I knew that Colin and “the Syncs,” as those in the know, call them, had recorded a new CD for Rivermont Records, its repertoire focused on music composed, played, recorded by Twenties ensembles with connections to college life. From what I know of Colin and a number of his colleagues, I expected that the results would be well-researched and historically accurate, and that I would hear music new to me, played idiomatically. I knew that the results would also be fun, spirited, enthusiastic: playful rather than white-gloves dry reverence. I knew the band would be mostly Youngbloods (with the exception of guest pianist Ed Clute and banjo-guitar master Robbert VanRenesse) that they would be ethnically diverse, with women as well as men sharing the limelight as instrumentalists as well as singers.
Yesterday I had errands to do, so I brought the disc with me to play in my car — my mobile studio — and I was astonished by how compelling it was, how fine — well beyond my already high expectations. I know it’s an oxymoron, but the words “ferocious polish” kept coming to my mind as I listened, and if you’d seen me at a red light, you’d wonder why that driver was grinning and nodding his head in time. I hadn’t read the notes (a forty-page booklet, with contributions by Julio Schwarz-Andrade, Colin, Hannah Krall, Andy Senior, Bryan Wright) and had only a vague idea of the repertoire, so in some ways I was the ideal listener, ready to hear the music without the historical apparatus and the assumptions it would necessarily impose.
I will write here what another reviewer would save as the closing “pull quote”: if you take any pleasure in the music that was American pop — not just hot jazz — before the Second World War, you will delight in COLLEGIATE.
You can hear selections from the recording, purchase a CD or download the music here. There are tastes from COLLEGIATE, MAPLE LEAF RAG, CONGAINE, ORIGINAL DIXIELAND ONE-STEP, CATARACT RAG BLUES, SAN, PERUNA, EVERY EVENING, SICK O’LICKS, IF I’M WITHOUT YOU — songs whose names will conjure up Twenties joys, Earl Hines, Jimmie Noone, Scott Joplin, and the ODJB . . but other songs and performances have connections to Ted Weems, Hal Kemp, Curtis Hitch, the Princeton Triangle Club Jazz Band, Jimmie Lunceford, the Cornell Collegians, Zach Whyte’s Chocolate Beau Brummels, Charlie Davis, Stu Pletcher and Carl Webster’s Yale Collegians.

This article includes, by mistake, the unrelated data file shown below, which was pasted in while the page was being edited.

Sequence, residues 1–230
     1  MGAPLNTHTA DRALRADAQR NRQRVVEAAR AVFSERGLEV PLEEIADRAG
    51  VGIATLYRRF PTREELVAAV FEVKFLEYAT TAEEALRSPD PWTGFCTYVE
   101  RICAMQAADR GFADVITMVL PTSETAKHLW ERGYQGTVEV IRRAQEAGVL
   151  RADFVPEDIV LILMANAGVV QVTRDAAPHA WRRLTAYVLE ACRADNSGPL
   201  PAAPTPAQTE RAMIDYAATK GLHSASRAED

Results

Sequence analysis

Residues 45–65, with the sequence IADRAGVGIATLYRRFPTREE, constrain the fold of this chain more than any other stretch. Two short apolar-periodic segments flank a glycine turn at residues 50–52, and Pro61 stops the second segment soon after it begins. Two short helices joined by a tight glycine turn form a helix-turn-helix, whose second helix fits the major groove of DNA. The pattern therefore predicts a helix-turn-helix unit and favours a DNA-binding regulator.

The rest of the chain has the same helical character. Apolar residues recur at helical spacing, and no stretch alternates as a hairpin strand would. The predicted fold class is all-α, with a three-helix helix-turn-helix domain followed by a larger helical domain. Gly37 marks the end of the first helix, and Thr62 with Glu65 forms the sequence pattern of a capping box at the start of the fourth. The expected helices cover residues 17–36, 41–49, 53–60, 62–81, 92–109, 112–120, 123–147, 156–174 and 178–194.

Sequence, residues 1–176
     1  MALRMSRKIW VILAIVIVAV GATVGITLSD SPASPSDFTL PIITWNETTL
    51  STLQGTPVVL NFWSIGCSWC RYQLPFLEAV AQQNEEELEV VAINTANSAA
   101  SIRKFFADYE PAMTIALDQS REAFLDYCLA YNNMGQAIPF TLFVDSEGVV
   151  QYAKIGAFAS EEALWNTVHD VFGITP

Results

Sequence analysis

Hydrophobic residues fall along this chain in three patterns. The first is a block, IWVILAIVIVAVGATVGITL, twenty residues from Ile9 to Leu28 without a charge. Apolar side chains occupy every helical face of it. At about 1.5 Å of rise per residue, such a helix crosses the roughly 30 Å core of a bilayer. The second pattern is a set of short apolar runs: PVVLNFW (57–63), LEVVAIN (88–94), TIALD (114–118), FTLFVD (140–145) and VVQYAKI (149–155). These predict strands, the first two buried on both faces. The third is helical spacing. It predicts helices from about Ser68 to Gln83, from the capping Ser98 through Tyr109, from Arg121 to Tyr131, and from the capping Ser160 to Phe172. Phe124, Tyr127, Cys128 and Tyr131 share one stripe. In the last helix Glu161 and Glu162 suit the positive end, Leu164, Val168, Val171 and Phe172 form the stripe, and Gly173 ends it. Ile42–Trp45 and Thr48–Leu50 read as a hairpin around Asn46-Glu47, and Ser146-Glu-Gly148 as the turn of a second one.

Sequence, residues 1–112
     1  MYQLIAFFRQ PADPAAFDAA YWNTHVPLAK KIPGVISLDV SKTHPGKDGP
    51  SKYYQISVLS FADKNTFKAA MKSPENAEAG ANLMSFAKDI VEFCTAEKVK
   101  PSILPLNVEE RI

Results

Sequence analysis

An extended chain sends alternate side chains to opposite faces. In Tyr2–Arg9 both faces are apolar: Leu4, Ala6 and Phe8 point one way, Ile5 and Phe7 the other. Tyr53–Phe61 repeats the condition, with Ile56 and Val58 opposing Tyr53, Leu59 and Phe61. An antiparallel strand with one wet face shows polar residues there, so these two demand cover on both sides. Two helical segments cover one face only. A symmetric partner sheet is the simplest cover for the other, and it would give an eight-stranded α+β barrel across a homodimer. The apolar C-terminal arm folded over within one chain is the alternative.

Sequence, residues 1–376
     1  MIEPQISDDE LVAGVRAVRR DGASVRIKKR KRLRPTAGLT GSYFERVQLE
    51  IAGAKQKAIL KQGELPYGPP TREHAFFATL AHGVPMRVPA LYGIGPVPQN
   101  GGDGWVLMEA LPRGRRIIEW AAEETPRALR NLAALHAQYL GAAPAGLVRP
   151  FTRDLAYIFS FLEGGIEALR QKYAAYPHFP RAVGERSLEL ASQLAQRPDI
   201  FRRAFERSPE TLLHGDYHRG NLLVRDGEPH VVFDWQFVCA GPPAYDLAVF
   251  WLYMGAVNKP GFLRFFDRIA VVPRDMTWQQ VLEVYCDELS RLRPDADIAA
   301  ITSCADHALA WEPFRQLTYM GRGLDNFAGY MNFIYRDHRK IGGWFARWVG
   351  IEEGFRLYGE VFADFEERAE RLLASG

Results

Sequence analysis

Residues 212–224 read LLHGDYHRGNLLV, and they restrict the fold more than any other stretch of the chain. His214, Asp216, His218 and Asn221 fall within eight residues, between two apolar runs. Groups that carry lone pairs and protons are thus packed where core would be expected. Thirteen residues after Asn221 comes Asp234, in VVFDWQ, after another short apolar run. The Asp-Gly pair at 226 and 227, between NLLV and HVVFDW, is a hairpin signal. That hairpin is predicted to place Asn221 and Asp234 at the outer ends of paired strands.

What’s so good about it? The selections are beautifully played — with joy and spirit — and expansively recorded. When the whole ensemble gets going (and do they ever!) I thought I was listening to what the Paul Whiteman Orchestra must have sounded like in its heroic orchestral glory: the band and the recording have expansive life. And the solos are lyrical as well as hot, fully “in the idiom.” A good deal of this music has its roots in the Middle West rather than the South . . . so even though it may strike people who revere Louis as I do as heresy, the disc is delightful living proof that other, convincing, kinds of hot improvised music were being played and sung that owed little to Armstrongiana except for ingenuity and rhythmic enthusiasm.
I think of it as a good-natured rebuke to another stereotype, that “collegiate jazz” of the Twenties was primarily groups of young men jamming on pop tunes and originals of the day — I think of Squirrel Ashcraft and his friends, and it’s true that this CD has a goodly share of small-band hot . . . but that oversimplification is rather like saying that the Twenties = flappers, flivvers, and raccoon coats. The research that Colin and others have done results in a presentation that is imaginative and expansive: the twenty performances here are a kind of aesthetic kaleidoscope, all of it coming from similar syncopated roots but with delightfully varied results. No cliches.
And maybe it wouldn’t have made a difference, but the music produced by college students and graduates a hundred years later has a kind of spiritual authenticity. There is a good deal of thin, fragile “authenticity” out there among people attempting to play “vintage” music: this recording is real, both grounded and soaring.
The ensembles are wonderfully cohesive: that the players aren’t full-time musicians is something amazing. And there are vocal trios. I want nothing more. Everyone here is magna cum laude. And there was, as trumpeter-vocalist Lior Kreindler says in the video, marveling, “magic going on.”
First, some music: STOMPIN’ AT THE SAVOY as performed by Don Redman’s Orchestra in Geneva, Switzerland, October 27, 1946. The band is Bobby Williams, Alan Jeffreys, trumpet; Peanuts Holland, trumpet, vocal; Quentin Jackson, Jack Carman, trombone; Tyree Glenn, trombone, vibraphone; Don Redman, alto saxophone, piano, vocal, arranger; Chauncey Haughton, Pete Clarke, alto and baritone saxophone, clarinet; Don Byas, Ray Abrams, tenor saxophone; Billy Taylor, piano; Ted Sturgis, string bass; Buford Oliver, drums; Inez Cavanaugh, vocal: